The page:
Because FDWs have a minimum wage here in (country X), but calculated
on a monthly basis. So, local domestic workers who live out are subject to
minimum wage legislation calculated on an hourly basis. Because FDWs
already had minimum wage, they are excluded from this hourly wage
system… That is why they are vulnerable to long working hours. There
is no incentive for employers to count the working hours. This is one big
problem. As a result, there is never ending debate on what counts as work.
Does waiting for a delivery van count as work?” (personal interview, 5
October 2012)

In addition to the widespread exclusion of migrant domestic workers from the minimum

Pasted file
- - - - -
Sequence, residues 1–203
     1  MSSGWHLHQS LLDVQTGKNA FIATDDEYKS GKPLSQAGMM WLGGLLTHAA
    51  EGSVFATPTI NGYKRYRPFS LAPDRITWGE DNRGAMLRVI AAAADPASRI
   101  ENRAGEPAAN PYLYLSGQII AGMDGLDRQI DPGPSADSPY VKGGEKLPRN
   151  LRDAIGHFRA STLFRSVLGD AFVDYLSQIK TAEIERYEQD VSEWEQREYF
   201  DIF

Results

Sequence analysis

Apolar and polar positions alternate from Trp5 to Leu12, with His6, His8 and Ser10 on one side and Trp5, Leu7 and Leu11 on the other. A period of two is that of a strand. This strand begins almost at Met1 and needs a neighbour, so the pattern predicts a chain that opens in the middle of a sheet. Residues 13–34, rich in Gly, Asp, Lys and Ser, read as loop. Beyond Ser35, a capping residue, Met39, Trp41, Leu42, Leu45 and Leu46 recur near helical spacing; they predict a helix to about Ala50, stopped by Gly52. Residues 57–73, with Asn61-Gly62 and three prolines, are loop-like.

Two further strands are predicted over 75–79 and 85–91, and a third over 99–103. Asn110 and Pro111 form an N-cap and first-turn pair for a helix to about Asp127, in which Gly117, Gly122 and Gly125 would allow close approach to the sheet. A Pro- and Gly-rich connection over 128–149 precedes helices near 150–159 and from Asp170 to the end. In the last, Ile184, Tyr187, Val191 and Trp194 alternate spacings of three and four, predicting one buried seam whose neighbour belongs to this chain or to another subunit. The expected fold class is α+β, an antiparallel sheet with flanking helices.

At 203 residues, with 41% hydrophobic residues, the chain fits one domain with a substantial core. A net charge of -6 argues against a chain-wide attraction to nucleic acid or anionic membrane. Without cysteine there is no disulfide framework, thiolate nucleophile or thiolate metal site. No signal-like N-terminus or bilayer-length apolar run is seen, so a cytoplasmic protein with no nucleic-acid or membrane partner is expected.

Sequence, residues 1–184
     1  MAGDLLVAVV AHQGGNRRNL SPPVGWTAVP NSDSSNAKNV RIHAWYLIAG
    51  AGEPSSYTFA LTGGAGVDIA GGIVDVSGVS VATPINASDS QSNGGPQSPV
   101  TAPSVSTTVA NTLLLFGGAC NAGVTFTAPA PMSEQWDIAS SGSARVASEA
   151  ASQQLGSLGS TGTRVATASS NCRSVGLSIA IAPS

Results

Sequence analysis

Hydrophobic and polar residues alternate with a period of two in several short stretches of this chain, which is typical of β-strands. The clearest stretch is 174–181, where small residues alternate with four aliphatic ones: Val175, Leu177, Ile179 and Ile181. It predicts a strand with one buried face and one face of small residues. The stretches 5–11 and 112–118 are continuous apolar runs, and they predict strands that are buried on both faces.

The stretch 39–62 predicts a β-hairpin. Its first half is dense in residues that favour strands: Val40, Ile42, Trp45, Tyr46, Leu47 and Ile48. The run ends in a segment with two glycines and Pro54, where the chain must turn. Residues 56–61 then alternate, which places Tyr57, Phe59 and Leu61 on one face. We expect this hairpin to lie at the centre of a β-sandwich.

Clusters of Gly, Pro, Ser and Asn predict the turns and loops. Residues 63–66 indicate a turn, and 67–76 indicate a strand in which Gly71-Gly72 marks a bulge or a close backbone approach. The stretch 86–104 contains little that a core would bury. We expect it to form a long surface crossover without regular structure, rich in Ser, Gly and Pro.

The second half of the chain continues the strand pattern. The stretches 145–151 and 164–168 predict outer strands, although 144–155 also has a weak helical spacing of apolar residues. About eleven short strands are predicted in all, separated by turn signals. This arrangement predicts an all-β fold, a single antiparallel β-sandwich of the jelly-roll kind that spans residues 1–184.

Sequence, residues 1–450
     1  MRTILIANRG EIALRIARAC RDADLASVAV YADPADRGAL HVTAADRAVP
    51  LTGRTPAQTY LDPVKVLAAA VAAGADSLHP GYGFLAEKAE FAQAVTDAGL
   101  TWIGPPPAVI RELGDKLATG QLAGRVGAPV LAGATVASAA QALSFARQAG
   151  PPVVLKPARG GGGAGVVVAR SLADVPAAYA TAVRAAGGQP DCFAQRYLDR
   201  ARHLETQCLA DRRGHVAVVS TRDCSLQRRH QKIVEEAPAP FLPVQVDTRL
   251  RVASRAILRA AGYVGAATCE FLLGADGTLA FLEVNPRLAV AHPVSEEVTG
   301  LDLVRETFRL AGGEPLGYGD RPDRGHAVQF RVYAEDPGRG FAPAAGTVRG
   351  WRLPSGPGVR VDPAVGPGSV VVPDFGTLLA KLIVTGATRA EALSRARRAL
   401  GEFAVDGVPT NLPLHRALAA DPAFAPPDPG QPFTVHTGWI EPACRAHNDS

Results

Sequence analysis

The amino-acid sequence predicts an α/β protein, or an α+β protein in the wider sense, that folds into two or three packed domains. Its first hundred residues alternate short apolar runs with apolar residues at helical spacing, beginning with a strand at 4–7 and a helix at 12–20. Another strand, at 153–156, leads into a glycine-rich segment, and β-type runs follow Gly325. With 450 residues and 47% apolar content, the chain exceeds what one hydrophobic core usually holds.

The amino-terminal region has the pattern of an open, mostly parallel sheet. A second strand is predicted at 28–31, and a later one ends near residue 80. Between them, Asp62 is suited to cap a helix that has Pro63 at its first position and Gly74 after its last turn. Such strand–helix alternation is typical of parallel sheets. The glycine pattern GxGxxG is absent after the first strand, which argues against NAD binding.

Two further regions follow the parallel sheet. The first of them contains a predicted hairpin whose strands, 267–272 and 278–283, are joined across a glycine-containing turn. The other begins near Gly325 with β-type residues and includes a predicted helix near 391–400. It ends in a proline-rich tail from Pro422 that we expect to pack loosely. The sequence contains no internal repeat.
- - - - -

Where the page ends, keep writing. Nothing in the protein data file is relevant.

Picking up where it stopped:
wage provisions, wage deductions are also common. During these periods, the workers do
not receive any payments as their wages are used to pay off the debts incurred in relation
to their job placement and departure (Battistella and Asis 2011; de Dios, Dungo and Reyes,
forthcoming). Such practice is widely viewed as tantamount to debt bondage to an extent
that many consider it a modern form of slavery. 35 The absence of payment not only affects
the well-being of newly-arrived domestic workers, they are also not able to send their
remittances home. In the Philippines, the deduction periods are widely practised through
unofficial channels even though the government explicitly bans charging domestic
migrants the incurred placement and travel costs. Battistella and Asis report that half of
the respondents in their study group in pre-departure training admitted that they would
have salary deductions upon arrival (Battistella and Asis 2011). According to a migrants’
rights NGO in Taiwan, Vietnamese domestic workers are subject to the highest placement
fees among all FDWs, as recruitment agencies charge at both ends in Vietnam and Taiwan.